2019 KCSE candidates to know their courses and universities today
THE STANDARD INSIDER
By Augustine Oduor
| June 2nd 2020
Over 500,000 students who sat last year’s KCSE examinations will get their placement results today.
This ends the long wait for the 125,448 who scored university entry grade of C+ and qualify for degree courses and 385,860 others who scored between grade C and D, thus qualifying for diploma and certificate courses.
Candidates who score grade C– and above are qualified to pursue diploma courses.
Those with D plain and above can take up craft certificate courses as those who attained D– (minus) and E can pursue artisan certificate courses.
And as Education Cabinet Secretary George Magoha releases the Kenya Universities and Colleges Central Placement Service (KUCCPS) report, there is anxiety at universities over reports that many of them may not secure the required numbers for admission as students opted for alternative institutions to pursue their career dreams.
Latest trends in universities admission reveal that nearly half of the courses declared by the institutions attracted less than 10 students, prompting major shake up of many academic programmes, with some dropped as reality dawned that lecture halls may not have enough students to warrant expenditure of public resources.
For the last three years, analysis of placement data shows that students make most applications to Bachelor of Education.
Many more apply for Bachelor of Commerce, Bachelor of Pharmacy, Bachelor of Arts, Bachelor of Quantity Surveying, Bachelor of Architectural Studies and Law in that order.
Bachelor of Science (electrical and electronics engineering), Bachelor of Engineering and Bachelor of Medicine close the top 10 most popular programmes sought by students.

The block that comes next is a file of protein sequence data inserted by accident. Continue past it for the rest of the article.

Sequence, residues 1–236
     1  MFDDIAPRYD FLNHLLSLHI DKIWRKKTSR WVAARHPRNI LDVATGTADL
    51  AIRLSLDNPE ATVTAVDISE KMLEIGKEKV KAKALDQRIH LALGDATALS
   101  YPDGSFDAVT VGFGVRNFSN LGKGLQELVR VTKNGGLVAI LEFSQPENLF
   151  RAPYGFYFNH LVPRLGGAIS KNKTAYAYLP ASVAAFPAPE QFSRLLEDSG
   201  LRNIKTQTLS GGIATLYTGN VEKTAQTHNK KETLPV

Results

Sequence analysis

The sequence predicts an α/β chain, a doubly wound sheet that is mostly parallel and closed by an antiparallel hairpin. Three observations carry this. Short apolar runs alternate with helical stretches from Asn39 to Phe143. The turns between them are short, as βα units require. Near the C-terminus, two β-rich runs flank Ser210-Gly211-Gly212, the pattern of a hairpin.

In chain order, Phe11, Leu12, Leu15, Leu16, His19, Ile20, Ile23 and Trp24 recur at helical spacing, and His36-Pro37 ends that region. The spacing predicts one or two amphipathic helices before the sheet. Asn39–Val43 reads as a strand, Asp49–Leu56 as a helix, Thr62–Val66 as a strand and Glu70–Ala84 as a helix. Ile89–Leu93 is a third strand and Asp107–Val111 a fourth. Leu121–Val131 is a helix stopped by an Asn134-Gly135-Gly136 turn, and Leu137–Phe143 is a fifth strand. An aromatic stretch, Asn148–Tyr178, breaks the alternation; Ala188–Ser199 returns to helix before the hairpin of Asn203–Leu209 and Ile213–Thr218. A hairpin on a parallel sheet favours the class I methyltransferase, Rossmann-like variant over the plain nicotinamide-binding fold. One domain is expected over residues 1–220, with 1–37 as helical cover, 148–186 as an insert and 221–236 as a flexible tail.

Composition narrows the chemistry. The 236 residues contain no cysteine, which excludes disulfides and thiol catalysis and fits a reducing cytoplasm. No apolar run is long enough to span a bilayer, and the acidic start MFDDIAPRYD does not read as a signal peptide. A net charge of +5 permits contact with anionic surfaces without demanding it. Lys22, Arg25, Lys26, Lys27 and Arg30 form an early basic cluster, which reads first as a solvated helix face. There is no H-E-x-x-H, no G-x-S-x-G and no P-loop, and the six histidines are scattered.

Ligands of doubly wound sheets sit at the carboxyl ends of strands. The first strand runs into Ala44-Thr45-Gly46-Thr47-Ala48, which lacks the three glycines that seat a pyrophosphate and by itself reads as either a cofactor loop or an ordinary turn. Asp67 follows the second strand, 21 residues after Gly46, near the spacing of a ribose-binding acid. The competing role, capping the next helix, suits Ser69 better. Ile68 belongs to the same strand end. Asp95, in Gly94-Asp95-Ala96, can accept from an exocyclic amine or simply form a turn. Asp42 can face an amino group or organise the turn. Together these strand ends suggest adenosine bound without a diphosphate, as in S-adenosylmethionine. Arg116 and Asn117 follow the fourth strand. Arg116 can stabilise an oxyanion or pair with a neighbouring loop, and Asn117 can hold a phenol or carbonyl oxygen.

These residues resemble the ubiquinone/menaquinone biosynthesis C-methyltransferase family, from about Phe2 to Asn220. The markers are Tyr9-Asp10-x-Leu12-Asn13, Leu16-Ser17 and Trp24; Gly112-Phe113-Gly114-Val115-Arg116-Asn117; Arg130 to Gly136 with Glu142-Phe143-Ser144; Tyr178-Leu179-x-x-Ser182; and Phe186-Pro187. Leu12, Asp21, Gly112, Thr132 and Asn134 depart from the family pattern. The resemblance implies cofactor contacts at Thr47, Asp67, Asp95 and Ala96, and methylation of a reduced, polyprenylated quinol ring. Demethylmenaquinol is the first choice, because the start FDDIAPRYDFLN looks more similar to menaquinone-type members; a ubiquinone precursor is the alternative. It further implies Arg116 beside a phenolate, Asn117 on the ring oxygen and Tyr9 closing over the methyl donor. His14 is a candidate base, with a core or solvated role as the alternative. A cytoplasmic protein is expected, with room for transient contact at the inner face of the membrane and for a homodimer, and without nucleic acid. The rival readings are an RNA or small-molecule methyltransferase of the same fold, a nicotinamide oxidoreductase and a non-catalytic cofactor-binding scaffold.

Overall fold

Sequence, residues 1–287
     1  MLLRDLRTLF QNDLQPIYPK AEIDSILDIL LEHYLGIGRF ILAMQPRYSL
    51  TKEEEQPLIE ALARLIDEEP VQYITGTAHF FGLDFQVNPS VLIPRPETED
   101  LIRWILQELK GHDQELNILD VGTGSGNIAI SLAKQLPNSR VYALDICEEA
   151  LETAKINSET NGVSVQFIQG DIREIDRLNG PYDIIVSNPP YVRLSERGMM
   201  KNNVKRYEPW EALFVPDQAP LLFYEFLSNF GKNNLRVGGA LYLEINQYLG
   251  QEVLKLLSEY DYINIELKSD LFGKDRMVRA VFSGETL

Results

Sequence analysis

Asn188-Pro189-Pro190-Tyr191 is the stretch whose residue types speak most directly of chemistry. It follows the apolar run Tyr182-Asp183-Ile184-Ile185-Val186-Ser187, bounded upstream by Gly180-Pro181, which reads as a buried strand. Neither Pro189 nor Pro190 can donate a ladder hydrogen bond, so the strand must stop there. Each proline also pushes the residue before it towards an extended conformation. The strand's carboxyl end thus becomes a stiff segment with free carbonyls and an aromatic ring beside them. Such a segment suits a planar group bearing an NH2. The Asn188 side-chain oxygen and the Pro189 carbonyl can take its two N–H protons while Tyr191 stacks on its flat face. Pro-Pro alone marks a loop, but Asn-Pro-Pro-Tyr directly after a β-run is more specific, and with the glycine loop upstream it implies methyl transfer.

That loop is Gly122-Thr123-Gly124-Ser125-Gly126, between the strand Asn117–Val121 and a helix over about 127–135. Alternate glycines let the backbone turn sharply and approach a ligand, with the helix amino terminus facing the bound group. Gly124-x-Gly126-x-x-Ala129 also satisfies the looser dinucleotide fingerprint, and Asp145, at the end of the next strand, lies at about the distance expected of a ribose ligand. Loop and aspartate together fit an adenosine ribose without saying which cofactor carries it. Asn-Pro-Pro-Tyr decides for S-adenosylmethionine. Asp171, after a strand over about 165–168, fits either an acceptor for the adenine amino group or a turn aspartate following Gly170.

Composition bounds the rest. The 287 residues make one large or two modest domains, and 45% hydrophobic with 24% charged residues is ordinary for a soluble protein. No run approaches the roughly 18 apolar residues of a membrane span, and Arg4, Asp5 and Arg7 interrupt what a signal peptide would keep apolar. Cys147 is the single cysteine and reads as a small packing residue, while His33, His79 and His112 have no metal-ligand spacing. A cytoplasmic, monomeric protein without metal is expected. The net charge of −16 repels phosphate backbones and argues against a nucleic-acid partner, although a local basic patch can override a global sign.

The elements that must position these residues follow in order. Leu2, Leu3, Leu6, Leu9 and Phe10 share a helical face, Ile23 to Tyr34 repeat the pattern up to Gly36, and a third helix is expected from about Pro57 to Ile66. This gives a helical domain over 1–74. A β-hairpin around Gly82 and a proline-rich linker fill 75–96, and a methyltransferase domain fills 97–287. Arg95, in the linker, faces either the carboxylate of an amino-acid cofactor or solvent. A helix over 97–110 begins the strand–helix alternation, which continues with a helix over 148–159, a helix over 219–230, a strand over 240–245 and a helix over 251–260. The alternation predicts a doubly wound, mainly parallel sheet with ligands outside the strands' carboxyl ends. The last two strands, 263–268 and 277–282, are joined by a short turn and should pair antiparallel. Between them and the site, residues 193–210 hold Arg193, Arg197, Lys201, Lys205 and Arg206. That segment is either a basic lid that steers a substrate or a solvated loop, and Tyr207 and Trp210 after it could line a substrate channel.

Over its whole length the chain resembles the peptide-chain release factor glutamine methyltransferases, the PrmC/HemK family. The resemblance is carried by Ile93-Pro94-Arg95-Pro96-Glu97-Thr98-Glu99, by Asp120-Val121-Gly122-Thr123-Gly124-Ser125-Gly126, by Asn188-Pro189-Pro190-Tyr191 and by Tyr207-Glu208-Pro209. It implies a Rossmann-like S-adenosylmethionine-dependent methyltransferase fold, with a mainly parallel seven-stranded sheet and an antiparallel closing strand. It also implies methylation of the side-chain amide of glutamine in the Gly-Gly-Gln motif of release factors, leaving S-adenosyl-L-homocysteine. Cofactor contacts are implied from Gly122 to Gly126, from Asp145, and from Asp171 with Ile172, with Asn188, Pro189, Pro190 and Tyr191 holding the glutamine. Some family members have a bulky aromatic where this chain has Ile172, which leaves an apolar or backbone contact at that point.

Overall, medicine, pharmacy, engineering, architecture and economics remained the most preferred courses by the best-performing candidates in national examinations, putting a spotlight on the other programmes that failed to attract students.
In the 2018 admissions for instance, the KUCCPS data reveal that a total of 544 courses across the public universities only attracted between one and nine students.
Many of the universities registered zero enrollments in many academic programmes they declared.
Most shocking, however, was that even the top traditional public universities failed to attract enough students for most of their academic programmes.
There are 31 public chartered universities with six constituent colleges. Private chartered universities are 18 with five constituent colleges as 14 universities are operating with letters of interim authority.
Even with higher performance registered in last year’s national examinations, it still emerged that the threat to universities’ existence due to reducing students’ admission numbers is real.
Prof Magoha will today release results that will either raise anxiety or calm the nerves, particularly of the 125,448 students who scored the minimum university entry grade of C+.
This is however a major boost for universities largely struggling to stay afloat as they will have an additional 35,000 students to enroll.
Data from KUCCPS reveal that in the last three years, students attaining degree entry mark oscillated between 70,000 and 90,000.